Cape Town - “The Steinhoff skelms must be followed up, they must be jailed.”
That’s according to Mugwena Maluleke, general secretary of the South African Democratic Teachers' Union (SADTU), the biggest union in the Government Employment Pension Fund.
The fund, via its asset manager the Public Investment Corporation, owns about 10% of the shares in global furniture retailer Steinhoff.
On Monday the group's board announced it would not release its full year financial results on time due to a German criminal and tax investigation.
On Tuesday afternoon came the abrupt resignation of its CEO, Markus Jooste, and news of an internal probe by PwC, which caused its share price to plummet.
“The GEPF was also shocked like all the others,” said Maluleke.
“Everyone thought that everything is OK, that corporate governance is intact, that the leaders of Steinhoff have integrity, up until the shares started dropping, and the scandal broke –and then we realised that we are dealing with clever skelms!”
He said the drop in the share price – it is down about 80% since Wednesday morning - would affect the GEPF’s the investment portfolio as a whole.
“The investment is almost about 2.8% of the total assets [of the fund],” he said. “That particular impact is going to be felt in the longer term, instead of right here. Because clearly it has an impact on the increases that the pensioners would receive."
Maluluke said he hoped to see these “particular skelms” jailed.
There are currently four separate investigations into Steinhoff.
The Financial Services Board and the Johannesburg Stock Exchange are both investigating what took place.
Finance Minister Malusi Gigaba, meanwhile, said on Thursday he would be having having “discussions” with the Independent Regulatory Board for Auditors to assess “any likely lapses in financial and auditing reporting”.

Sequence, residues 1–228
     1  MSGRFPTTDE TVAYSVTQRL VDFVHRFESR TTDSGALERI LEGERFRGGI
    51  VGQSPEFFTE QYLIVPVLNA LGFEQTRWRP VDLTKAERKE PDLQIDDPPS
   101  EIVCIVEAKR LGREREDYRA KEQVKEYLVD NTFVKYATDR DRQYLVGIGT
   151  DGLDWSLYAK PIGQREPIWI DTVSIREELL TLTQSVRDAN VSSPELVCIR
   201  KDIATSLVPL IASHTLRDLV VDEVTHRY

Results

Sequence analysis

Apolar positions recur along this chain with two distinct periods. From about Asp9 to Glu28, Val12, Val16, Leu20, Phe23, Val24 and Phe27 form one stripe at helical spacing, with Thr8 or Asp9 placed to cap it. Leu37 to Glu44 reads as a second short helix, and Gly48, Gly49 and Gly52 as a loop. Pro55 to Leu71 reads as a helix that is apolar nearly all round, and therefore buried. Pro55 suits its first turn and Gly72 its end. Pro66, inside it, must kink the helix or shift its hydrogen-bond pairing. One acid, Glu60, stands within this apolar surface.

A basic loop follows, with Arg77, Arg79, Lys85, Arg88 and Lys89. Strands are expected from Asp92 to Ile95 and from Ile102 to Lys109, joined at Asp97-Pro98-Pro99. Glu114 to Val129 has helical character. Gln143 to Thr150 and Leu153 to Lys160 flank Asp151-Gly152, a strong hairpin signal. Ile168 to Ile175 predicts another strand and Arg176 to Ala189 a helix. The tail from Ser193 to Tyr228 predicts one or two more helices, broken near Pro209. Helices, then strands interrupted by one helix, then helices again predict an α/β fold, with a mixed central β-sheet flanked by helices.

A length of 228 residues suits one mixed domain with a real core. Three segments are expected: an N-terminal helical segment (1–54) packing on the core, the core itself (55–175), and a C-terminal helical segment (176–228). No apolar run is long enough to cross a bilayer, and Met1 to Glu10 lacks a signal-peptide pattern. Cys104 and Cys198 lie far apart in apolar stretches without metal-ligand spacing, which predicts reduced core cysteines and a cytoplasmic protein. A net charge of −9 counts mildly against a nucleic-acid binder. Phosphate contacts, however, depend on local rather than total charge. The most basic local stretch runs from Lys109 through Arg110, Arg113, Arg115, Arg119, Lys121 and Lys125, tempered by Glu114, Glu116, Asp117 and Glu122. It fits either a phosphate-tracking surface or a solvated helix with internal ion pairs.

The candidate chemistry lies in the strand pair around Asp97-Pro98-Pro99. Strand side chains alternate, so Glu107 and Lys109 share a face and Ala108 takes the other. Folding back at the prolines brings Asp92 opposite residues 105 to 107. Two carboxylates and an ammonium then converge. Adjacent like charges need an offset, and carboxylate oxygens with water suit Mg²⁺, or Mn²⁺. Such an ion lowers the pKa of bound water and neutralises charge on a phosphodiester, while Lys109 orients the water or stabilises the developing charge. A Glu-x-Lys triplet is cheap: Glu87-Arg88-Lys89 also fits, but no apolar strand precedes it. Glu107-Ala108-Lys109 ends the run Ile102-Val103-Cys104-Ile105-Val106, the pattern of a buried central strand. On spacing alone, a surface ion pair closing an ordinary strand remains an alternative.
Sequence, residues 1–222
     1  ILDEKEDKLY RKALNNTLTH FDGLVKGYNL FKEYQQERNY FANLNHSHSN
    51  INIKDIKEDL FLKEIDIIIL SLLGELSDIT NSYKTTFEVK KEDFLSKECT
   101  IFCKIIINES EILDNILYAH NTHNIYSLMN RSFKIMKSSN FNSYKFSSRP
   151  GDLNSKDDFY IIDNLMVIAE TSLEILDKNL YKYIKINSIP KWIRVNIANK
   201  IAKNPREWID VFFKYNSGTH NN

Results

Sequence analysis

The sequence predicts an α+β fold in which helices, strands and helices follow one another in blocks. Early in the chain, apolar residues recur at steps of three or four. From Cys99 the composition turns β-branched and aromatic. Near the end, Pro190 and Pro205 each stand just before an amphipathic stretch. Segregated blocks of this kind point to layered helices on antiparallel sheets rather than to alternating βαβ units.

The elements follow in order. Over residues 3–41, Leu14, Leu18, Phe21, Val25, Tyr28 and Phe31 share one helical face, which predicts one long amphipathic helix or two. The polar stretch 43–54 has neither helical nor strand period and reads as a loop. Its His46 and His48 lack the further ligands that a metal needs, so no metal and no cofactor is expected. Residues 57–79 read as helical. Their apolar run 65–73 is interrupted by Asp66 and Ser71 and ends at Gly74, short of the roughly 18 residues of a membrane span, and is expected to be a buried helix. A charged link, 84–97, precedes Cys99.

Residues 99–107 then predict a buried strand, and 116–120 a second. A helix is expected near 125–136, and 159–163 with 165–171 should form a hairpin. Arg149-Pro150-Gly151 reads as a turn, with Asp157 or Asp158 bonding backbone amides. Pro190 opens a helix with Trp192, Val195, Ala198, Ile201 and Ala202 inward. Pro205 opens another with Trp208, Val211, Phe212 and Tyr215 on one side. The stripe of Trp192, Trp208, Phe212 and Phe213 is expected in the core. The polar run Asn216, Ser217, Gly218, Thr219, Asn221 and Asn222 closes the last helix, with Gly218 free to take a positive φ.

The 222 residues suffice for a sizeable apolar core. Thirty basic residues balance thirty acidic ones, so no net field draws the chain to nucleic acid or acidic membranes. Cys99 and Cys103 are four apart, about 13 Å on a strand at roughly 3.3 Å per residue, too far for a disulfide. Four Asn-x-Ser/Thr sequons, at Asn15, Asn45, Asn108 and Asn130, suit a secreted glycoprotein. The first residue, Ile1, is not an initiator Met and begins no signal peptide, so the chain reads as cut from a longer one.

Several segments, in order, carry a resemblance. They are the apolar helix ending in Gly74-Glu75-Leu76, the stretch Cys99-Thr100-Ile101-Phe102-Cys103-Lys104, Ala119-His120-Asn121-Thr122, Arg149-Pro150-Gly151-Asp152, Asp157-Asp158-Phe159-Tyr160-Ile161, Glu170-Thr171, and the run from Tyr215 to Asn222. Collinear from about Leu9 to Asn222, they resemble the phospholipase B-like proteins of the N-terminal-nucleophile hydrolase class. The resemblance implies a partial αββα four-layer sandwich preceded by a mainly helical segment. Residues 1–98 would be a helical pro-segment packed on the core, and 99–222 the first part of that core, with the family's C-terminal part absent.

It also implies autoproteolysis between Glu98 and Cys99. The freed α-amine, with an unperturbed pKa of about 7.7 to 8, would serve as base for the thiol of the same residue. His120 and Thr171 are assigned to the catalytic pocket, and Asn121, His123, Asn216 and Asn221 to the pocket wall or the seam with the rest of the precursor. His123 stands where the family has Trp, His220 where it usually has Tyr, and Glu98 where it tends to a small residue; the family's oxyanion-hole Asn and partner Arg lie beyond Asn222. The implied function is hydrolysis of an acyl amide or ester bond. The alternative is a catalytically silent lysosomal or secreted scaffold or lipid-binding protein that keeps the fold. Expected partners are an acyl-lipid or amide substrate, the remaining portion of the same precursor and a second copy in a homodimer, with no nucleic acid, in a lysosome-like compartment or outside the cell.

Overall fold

“As a listed company on the Johannesburg Stock Exchange [with its primary listing on the Frankfurt Stock Exchange], investors rightly expect the highest degree of honesty and integrity in the financial statements and reports of companies such as Steinhoff, to protect investors from market abuse and manipulation,” said Gigaba.
On Tuesday the global retailer's supervisory board also announced that PwC would be carrying out an internal investigation into the firm's books, after "accounting irregularities requiring further investigation" came to light.
People associated with Steinhoff are also the subject of a separate probe by Germa authorities .
The public prosecutor's office of Oldenburg in Germany told Fin24 on Thursday in a statement that “four current and former managers of a group” are being investigated for possible accounting fraud.
The statement said the balance sheet of the company in question may have been inflated. It added that police were still evaluating data seized in searches.
* Sign up to Fin24's top news in your inbox: SUBSCRIBE TO FIN24 NEWSLETTER